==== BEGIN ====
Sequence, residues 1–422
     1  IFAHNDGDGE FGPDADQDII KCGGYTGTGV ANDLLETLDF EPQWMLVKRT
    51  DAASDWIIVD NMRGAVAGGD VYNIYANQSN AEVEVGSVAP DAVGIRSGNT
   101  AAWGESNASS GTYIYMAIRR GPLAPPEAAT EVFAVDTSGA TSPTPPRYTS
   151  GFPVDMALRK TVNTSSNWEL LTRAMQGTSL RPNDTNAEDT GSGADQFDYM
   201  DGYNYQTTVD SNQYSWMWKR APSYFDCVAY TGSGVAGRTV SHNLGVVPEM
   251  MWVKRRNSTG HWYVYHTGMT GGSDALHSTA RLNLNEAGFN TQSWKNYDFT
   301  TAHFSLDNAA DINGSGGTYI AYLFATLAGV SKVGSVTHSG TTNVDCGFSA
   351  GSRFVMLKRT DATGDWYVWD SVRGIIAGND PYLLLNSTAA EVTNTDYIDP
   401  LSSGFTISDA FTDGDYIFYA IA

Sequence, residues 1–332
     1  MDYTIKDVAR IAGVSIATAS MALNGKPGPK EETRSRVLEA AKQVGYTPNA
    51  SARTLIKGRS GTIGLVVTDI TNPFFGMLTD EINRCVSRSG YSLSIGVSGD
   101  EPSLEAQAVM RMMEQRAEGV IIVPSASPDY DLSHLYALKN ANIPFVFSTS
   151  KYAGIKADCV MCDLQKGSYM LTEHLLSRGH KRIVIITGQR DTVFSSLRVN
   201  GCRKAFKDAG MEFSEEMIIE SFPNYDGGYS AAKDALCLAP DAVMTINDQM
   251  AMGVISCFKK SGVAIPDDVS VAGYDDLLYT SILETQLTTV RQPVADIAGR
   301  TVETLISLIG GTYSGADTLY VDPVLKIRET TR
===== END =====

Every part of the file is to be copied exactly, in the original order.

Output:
Sequence, residues 1–422
     1  IFAHNDGDGE FGPDADQDII KCGGYTGTGV ANDLLETLDF EPQWMLVKRT
    51  DAASDWIIVD NMRGAVAGGD VYNIYANQSN AEVEVGSVAP DAVGIRSGNT
   101  AAWGESNASS GTYIYMAIRR GPLAPPEAAT EVFAVDTSGA TSPTPPRYTS
   151  GFPVDMALRK TVNTSSNWEL LTRAMQGTSL RPNDTNAEDT GSGADQFDYM
   201  DGYNYQTTVD SNQYSWMWKR APSYFDCVAY TGSGVAGRTV SHNLGVVPEM
   251  MWVKRRNSTG HWYVYHTGMT GGSDALHSTA RLNLNEAGFN TQSWKNYDFT
   301  TAHFSLDNAA DINGSGGTYI AYLFATLAGV SKVGSVTHSG TTNVDCGFSA
   351  GSRFVMLKRT DATGDWYVWD SVRGIIAGND PYLLLNSTAA EVTNTDYIDP
   401  LSSGFTISDA FTDGDYIFYA IA

Sequence, residues 1–332
     1  MDYTIKDVAR IAGVSIATAS MALNGKPGPK EETRSRVLEA AKQVGYTPNA
    51  SARTLIKGRS GTIGLVVTDI TNPFFGMLTD EINRCVSRSG YSLSIGVSGD
   101  EPSLEAQAVM RMMEQRAEGV IIVPSASPDY DLSHLYALKN ANIPFVFSTS
   151  KYAGIKADCV MCDLQKGSYM LTEHLLSRGH KRIVIITGQR DTVFSSLRVN
   201  GCRKAFKDAG MEFSEEMIIE SFPNYDGGYS AAKDALCLAP DAVMTINDQM
   251  AMGVISCFKK SGVAIPDDVS VAGYDDLLYT SILETQLTTV RQPVADIAGR
   301  TVETLISLIG GTYSGADTLY VDPVLKIRET TR